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National Drug Intelligence Center
Product No. 2003-L0559-015

June 2003

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Cover image linked to printable Yaba Fast Facts brochure.
Background photo © John Foxx Images
Cover photo: Bureau of Immigration and Customs Enforcement

Printable brochure (177 KB pdf)

Fast Facts

Questions and Answers 

     - What is yaba?
     - What does yaba look like?
     - How is yaba used?
     - Who uses yaba? 
     - What are the risks?
     - What is it called?
     - Is yaba illegal?

Other products of interest
Contact us 

National Drug Intelligence Center
a component of the 
U.S. Department of Justice.

hat is yaba?

Yaba is a combination of methamphetamine (a powerful and addictive stimulant) and caffeine. Yaba, which means crazy medicine in Thai, is produced in Southeast and East Asia. The drug is popular in Asian communities in the United States and increasingly is available at raves and techno parties.


What does yaba look like?

Yaba is sold as tablets. These tablets are generally no larger than a pencil eraser. They are brightly colored, usually reddish-orange or green. Yaba tablets typically bear one of a variety of logos; R and WY are common logos.

Photograph of orange and pink tablets in baggies.
Yaba Tablets
Bureau of Immigration and Customs Enforcement

Photograph showing comparison of  small pink tablets in a baggy beside a pen and cigarette.
Yaba Tablets
Bureau of Immigration and Customs Enforcement


How is yaba used?

Yaba tablets typically are consumed orally. The tablets sometimes are flavored like candy (grape, orange, or vanilla). Another common method is called chasing the dragon. Users place the yaba tablet on aluminum foil and heat it from below. As the tablet melts, vapors rise and are inhaled. The drug also may be administered by crushing the tablets into powder, which is then snorted or mixed with a solvent and injected.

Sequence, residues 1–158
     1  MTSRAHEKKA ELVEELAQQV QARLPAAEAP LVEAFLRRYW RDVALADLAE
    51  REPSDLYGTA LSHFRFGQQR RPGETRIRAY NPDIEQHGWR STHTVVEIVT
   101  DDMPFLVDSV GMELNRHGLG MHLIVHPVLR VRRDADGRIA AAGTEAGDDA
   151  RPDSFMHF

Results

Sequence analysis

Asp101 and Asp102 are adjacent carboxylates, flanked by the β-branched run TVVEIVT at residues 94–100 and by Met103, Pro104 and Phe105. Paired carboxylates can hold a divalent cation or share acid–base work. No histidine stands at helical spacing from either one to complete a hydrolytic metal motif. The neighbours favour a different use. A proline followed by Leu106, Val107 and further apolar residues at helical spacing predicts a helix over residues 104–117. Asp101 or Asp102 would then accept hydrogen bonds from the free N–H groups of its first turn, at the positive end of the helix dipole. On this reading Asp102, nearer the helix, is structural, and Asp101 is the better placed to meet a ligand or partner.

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Who uses yaba?   

It is difficult to determine the scope of yaba use in the United States because most data sources do not distinguish yaba from other forms of methamphetamine. Yaba has emerged as a drug of abuse in Asian communities in the United States, specifically in Northern California and in Los Angeles.

Yaba also is becoming increasingly popular at raves, techno parties, and other venues where the drug MDMA (3,4-methylenedioxymethamphetamine, typically called ecstasy) is used. Drug distributors deliberately market yaba to young people, many of whom have already tried MDMA. The bright colors and candy flavors of yaba tablets are examples of distributors' attempts to appeal to young people.


What are the risks?

Individuals who use yaba face the same risks as users of other forms of methamphetamine: rapid heart rate, increased blood pressure, and damage to the small blood vessels in the brain that can lead to stroke. Chronic use of the drug can result in inflammation of the heart lining. Overdoses can cause hyperthermia (elevated body temperature), convulsions, and death. Individuals who use yaba also may have episodes of violent behavior, paranoia, anxiety, confusion, and insomnia.

Although most users administer yaba orally, those who inject the drug expose themselves to additional risks, including contracting HIV (human immunodeficiency virus), hepatitis B and C, and other blood-borne viruses.

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What is it called?

The most common names for yaba are crazy medicine and Nazi speed.


Is yaba illegal?

Yes, yaba is illegal because it contains methamphetamine, a Schedule II substance under the Controlled Substances Act. Schedule II drugs, which include cocaine and PCP, have a high potential for abuse. Abuse of these drugs may lead to severe psychological or physical dependence.


Other products of interest:

Check out Fast Facts on:

  • Crack cocaine
  • Crystal methamphetamine
  • Foxy
  • GHB and analogs
  • Heroin
  • Inhalants
  • Jimsonweed
  • Ketamine
  • Khat
  • LSD
  • Marijuana
  • MDMA
  • Methadone
  • Methamphetamine
  • OxyContin
  • PCP
  • Powdered cocaine
  • Prescription drugs
  • Psilocybin
  • Ritalin
  • Rohypnol
  • Salvia divinorum
  • Steroids

Also available from NDIC:

  • Huffing--The Abuse of Inhalants
  • Prescription Drug Abuse and Youth
  • Drugs, Youth, and the Internet

For more information on illicit drugs check out our web site at:  Call 814-532-4541 to request NDIC products.


Contact us

Our addresses:

National Drug Intelligence Center
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Johnstown , PA 15901-1622
  Telephone: 814-532-4601
  FAX: 814-532-4690

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8201 Greensboro Drive, Suite 1001
McLean , VA 22102-3840
  Telephone: 703-556-8970
  FAX: 703-556-7807

NDIC publications are available on the following web sites:

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